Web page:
Kelly Pohl is Associate Director of Headwaters Economics. She works closely with her team to shape program goals and identify opportunities to advance the organization’s mission. Kelly’s policy knowledge and aptitude for strategizing and messaging help Headwaters Economics remain at the forefront of emerging issues.

In her role as Headwaters Economics’ operations lead, Kelly is known for her can-do attitude, her astute use of technology for planning and project tracking, and her foresight regarding workflow resources, bottlenecks, and opportunities. She continually steers the team toward thoughtful action, ensuring that staff members reach their full potential in a positive environment.

Kelly has led the design and development of many of Headwaters Economics’ nationally-recognized research products and tools. With a knack for making complex information visually compelling and actionable, she led the development of the Unequal Impacts of Wildfire tool demonstrating where exposure to wildfire intersects socioeconomic vulnerabilities, and she serves as the U.S. Forest Services’ point of contact for the Wildfire Risk to Communities tool, the first nationwide map of wildfire risk to communities. She has also conducted original research on state funding mechanisms for outdoor recreation and conservation, best practices for recreation in municipal watersheds, and the costs of wildfire-resistant home construction.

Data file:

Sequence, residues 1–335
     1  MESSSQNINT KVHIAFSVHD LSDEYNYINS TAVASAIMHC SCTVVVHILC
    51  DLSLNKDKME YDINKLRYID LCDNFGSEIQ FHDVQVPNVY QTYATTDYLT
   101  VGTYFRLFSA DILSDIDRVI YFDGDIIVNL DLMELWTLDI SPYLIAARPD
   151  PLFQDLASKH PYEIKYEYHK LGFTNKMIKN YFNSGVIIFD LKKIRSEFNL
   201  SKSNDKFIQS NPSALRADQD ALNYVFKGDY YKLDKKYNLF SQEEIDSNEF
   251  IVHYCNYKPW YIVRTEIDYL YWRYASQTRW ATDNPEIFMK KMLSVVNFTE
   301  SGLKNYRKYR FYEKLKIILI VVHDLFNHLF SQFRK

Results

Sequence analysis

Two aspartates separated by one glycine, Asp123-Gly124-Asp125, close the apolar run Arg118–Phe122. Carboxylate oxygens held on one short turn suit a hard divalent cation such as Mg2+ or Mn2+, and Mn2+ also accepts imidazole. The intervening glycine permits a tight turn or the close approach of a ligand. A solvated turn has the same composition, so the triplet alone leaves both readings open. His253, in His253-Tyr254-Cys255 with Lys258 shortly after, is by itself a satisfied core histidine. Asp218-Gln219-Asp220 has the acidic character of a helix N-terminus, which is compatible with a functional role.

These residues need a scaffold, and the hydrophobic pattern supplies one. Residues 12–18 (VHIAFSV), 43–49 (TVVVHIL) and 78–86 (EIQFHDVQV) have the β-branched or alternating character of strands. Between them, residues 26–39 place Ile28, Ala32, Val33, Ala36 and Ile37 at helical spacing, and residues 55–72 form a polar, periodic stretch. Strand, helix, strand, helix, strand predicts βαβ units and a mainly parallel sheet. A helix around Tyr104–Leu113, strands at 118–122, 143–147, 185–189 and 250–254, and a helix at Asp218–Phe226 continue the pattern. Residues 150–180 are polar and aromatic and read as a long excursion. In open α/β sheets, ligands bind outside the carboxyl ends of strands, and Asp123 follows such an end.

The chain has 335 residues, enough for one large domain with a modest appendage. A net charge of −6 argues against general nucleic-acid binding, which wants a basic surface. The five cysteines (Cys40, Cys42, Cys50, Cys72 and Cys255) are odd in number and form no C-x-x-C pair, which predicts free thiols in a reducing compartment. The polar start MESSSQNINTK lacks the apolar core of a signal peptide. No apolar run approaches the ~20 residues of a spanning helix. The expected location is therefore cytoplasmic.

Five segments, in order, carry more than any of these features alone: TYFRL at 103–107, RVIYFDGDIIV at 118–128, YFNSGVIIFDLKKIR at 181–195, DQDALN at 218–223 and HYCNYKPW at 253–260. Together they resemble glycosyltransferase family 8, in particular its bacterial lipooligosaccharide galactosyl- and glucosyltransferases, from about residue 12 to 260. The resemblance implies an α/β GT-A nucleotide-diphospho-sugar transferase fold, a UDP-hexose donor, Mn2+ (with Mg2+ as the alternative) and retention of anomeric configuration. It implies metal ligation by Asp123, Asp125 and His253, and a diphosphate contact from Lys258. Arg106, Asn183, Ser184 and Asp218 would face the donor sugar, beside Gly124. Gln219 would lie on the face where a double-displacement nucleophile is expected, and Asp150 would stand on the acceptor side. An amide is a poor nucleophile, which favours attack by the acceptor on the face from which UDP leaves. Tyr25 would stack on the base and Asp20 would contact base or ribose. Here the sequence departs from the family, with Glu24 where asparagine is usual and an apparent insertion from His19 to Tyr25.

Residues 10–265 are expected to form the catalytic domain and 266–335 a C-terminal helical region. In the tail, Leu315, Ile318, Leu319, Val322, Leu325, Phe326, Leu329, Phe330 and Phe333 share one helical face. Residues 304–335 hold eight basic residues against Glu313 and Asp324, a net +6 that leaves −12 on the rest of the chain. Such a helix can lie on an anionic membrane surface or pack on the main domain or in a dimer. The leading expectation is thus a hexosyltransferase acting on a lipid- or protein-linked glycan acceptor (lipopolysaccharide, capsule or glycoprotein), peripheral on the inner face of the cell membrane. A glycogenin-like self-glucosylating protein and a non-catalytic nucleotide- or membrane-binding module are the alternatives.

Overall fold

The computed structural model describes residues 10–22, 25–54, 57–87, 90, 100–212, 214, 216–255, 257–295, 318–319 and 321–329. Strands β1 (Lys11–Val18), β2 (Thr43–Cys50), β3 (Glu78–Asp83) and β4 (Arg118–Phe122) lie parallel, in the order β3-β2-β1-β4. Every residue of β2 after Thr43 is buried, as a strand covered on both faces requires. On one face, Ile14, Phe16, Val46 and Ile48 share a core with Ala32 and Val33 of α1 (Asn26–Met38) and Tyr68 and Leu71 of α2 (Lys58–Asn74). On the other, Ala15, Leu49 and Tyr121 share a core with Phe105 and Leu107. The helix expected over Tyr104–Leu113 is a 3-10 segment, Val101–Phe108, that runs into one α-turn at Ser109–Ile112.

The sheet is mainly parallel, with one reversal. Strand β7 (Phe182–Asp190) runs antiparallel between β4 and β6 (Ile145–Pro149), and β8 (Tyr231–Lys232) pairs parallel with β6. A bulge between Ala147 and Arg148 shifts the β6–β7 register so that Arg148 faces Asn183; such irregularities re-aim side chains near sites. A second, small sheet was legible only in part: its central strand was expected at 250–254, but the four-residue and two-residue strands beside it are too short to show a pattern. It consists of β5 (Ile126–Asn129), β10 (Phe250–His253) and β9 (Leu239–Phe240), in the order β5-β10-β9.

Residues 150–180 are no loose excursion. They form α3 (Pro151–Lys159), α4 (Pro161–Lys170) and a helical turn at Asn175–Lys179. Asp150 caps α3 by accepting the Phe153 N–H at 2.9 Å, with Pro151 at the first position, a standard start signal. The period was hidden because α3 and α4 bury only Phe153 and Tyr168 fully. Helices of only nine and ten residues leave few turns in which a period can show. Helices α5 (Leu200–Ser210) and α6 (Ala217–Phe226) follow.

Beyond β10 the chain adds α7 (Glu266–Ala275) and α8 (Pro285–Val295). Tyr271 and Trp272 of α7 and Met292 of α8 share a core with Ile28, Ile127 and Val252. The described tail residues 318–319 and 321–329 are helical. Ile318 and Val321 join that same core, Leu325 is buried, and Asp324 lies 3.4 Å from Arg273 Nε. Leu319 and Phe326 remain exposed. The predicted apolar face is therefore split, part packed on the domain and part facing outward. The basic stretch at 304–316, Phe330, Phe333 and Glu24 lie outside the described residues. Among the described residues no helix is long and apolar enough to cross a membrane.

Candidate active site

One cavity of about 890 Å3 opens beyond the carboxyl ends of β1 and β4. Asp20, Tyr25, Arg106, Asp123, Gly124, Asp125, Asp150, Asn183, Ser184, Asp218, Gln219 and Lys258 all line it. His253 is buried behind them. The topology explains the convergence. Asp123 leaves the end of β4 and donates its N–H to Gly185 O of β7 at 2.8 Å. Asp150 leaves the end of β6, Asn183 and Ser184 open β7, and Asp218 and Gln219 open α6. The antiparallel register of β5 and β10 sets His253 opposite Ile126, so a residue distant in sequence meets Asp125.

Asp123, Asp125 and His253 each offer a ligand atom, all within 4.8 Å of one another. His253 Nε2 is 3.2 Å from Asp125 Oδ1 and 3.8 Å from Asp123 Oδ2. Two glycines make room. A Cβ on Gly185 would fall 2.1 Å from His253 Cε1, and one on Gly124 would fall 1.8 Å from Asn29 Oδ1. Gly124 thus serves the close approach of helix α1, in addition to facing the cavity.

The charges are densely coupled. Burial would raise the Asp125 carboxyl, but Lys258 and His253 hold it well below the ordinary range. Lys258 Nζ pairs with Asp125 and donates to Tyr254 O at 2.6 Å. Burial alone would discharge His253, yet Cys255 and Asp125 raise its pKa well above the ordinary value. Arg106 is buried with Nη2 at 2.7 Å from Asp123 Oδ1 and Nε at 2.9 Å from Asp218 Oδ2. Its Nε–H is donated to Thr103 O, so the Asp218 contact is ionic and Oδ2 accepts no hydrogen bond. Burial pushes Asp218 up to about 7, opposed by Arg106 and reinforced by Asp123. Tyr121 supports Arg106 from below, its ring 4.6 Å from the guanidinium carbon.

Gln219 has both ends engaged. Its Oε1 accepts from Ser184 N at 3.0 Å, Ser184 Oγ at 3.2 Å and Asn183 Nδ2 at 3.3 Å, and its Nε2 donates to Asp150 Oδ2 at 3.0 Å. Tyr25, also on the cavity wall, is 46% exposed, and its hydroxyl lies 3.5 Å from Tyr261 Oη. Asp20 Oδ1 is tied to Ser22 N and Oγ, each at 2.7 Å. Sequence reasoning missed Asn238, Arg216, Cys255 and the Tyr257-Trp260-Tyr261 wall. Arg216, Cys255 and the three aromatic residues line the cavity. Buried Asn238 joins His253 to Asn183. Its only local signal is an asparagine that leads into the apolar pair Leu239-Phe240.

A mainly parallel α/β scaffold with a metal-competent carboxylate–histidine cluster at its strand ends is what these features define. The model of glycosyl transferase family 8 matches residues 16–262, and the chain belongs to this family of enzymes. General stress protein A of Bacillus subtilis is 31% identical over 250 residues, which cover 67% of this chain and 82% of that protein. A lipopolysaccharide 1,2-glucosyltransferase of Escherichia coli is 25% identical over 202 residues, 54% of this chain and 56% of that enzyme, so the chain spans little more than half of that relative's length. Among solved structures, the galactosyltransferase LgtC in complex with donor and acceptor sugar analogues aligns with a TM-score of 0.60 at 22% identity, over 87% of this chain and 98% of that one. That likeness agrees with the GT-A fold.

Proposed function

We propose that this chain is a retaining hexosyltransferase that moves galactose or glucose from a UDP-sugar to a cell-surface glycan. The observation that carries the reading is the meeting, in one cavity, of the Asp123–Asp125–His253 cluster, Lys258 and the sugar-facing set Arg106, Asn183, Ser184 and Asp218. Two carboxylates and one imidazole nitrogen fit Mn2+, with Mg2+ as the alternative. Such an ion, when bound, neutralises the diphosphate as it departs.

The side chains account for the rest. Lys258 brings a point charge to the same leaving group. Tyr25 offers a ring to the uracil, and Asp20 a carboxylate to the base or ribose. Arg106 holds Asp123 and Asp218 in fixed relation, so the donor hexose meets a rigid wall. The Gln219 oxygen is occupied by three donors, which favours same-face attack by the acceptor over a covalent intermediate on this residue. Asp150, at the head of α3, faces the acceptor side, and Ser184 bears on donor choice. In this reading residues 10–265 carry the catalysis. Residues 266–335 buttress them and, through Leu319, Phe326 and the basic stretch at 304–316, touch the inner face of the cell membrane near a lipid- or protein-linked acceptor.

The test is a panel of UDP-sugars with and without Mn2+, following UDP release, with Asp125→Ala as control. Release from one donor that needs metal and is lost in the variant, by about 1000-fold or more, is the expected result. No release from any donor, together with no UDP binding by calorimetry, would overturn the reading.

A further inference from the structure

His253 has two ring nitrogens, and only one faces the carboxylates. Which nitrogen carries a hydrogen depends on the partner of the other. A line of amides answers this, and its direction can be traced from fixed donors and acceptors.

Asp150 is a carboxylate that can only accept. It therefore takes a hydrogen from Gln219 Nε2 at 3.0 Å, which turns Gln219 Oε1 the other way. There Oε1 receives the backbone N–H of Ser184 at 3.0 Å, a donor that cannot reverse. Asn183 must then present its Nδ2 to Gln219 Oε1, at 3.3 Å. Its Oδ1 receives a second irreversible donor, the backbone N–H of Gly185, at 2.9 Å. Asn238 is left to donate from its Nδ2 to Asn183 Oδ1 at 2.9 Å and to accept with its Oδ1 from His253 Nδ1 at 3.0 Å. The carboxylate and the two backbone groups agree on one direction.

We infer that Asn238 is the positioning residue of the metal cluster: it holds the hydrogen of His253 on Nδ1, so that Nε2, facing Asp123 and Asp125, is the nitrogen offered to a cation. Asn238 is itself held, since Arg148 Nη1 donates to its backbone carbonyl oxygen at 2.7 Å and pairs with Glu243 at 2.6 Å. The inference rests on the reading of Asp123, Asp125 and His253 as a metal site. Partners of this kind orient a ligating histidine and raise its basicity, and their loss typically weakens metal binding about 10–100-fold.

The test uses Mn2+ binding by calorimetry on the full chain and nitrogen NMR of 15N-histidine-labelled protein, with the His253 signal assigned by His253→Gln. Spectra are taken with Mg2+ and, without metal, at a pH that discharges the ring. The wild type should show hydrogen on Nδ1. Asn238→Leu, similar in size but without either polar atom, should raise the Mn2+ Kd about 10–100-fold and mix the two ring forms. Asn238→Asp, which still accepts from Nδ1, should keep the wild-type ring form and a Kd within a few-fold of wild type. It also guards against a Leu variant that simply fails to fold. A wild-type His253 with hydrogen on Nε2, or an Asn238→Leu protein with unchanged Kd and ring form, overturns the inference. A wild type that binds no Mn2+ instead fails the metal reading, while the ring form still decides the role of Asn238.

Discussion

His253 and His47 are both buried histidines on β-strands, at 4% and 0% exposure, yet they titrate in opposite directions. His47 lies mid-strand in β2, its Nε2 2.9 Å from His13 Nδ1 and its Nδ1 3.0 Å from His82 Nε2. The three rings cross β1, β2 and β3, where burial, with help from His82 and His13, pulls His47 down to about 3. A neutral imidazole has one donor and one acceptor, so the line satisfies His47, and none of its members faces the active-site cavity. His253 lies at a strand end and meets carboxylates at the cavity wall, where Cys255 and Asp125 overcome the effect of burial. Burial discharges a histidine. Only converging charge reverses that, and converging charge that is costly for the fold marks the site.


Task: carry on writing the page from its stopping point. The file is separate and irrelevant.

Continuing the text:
Before joining Headwaters, Kelly led community-based finance campaigns for trails and conservation and oversaw the design and construction of multi-million dollar trail projects for a local nonprofit organization. She coordinated public/private partnerships and led dozens of public access and private conservation projects. With a master’s degree in geography, she has also worked as a fire ecologist and a park naturalist. A Montana native, Kelly is intimately familiar with small-town dynamics, strengths, and challenges. She represents Headwaters Economics on topics including wildfire, outdoor recreation, socioeconomic equity, and climate adaptation – not as hypothetical situations, but as they impact real people in real communities. In her spare time, she volunteers as the chair of Bozeman’s Transportation Advisory Board and on the Land Conservation Committee for the local land trust.